Freshmen weren’t the only new arrivals to CSU Thursday morning.
A male black bear cub wandered onto campus and was spotted in a small elm tree near the intersection of Laurel Street and College Avenue around 6 am.
“At first there were just a few people and two police officers,” said Drew Rosser, a junior landscape architecture major, who was one of the first people on the scene. The officers attempted to keep the bear in the tree, where it would be easy to capture, but the cub panicked and bolted across the lawn, scurrying up a tall pine tree, Rosser said.
News of the bear spread quickly and within an hour a large crowd had formed a circle around the tree where the bewildered bear cub was trapped.
Colorado State Division of Wildlife officer Dave Clarkson, perched in the bucket of a CSU grounds maintenance department boom truck, attempted to secure the bear with a noose attached to a pole.
The officers did not want to tranquilize the bear until it was secured with the pole to prevent it from falling from the tree. Yet they had to be careful not to get the noose around the bear’s neck where it could strangle to death, said DOW officer Jim Jackson.
“I was more curious than scared,” said Eric Koslowski, a junior mechanical engineering student who was on the scene early.
The crowd circling the tree grew to approximately 50 people and four television cameras had appeared by 9:30 a.m.
Several times the crowd gasped as Clarkson came close to securing the bear only to see it scurry out of his reach. At the same time, men on the ground frantically maneuvered an inflated rubber raft, attempting to keep it positioned directly underneath the scrambling bear.
“The raft was there to catch the bear in case it fell,” Jackson said.
The 25-pound bear proved an elusive target. It evaded capture for nearly three hours, clawing its way up and down the tree just out of Clarkson’s reach, at one point climbing to the very top of the swaying pine tree.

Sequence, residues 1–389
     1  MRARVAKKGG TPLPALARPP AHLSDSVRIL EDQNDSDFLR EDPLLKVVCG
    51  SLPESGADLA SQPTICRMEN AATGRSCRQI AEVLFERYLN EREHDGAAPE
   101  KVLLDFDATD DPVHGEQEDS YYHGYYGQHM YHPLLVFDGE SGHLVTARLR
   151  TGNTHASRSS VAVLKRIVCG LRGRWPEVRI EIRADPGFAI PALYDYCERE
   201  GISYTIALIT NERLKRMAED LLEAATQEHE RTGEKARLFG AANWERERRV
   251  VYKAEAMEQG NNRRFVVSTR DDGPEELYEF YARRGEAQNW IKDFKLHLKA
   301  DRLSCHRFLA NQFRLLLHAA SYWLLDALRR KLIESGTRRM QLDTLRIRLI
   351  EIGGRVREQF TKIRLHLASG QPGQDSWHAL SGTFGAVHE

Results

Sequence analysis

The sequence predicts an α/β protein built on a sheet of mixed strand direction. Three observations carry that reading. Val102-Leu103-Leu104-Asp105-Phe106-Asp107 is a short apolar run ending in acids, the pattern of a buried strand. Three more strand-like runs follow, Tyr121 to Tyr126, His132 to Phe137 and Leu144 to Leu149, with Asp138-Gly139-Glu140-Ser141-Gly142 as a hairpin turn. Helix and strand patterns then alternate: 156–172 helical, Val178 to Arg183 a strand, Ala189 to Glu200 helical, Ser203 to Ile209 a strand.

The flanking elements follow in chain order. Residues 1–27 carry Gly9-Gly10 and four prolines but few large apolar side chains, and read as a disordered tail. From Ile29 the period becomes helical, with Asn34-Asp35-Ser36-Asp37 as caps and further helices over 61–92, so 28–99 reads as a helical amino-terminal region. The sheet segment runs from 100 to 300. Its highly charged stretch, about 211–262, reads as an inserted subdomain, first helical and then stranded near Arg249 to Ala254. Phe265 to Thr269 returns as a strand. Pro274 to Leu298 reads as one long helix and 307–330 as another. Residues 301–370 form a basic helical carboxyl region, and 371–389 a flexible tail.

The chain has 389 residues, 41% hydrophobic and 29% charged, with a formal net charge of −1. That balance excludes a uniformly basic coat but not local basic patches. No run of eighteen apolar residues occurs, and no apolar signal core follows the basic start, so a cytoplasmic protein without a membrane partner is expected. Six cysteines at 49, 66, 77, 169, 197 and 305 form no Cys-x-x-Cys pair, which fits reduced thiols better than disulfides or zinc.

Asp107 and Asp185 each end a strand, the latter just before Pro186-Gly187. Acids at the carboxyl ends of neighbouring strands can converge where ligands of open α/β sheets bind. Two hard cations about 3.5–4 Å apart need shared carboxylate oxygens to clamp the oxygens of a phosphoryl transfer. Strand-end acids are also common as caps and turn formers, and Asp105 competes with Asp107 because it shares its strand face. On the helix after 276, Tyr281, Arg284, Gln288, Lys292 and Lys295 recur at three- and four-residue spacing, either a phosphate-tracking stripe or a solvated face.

Finally Clarkson managed to partially secure the bear, at which point CSU Police Department Capt. Bob Chaffee separated the crowd to be sure that no one would be struck by an errant tranquilizer dart.
When the cub was tranquilized, Clarkson fully secured the bear and hoisted it into the bucket of the boom truck. Once on the ground it was placed in a cage on the back of a DOW work truck as the crowd surged forward for a better look.
“This time of year a bear has to eat about 10,000 calories a day in order to put on fat for hibernation,” Jackson said.
Bears will follow creek drainages, where berries are plentiful and ripe, down from the mountains. Sometimes they come too far down, Jackson said.
The bear was born sometime this spring and somehow become separated from its mother, he said.
The bear was too young to be returned to the wild and DOW officials said it would have to be placed into a rehabilitation program with the intent of releasing next spring.
Capt. Chaffee could not remember ever hearing of a bear on campus, at least since he had started at CSU in 1977.
“Ensure your own safety first then notify campus police immediately,” Chaffee said, when asked what students should do if they ever see a bear on campus.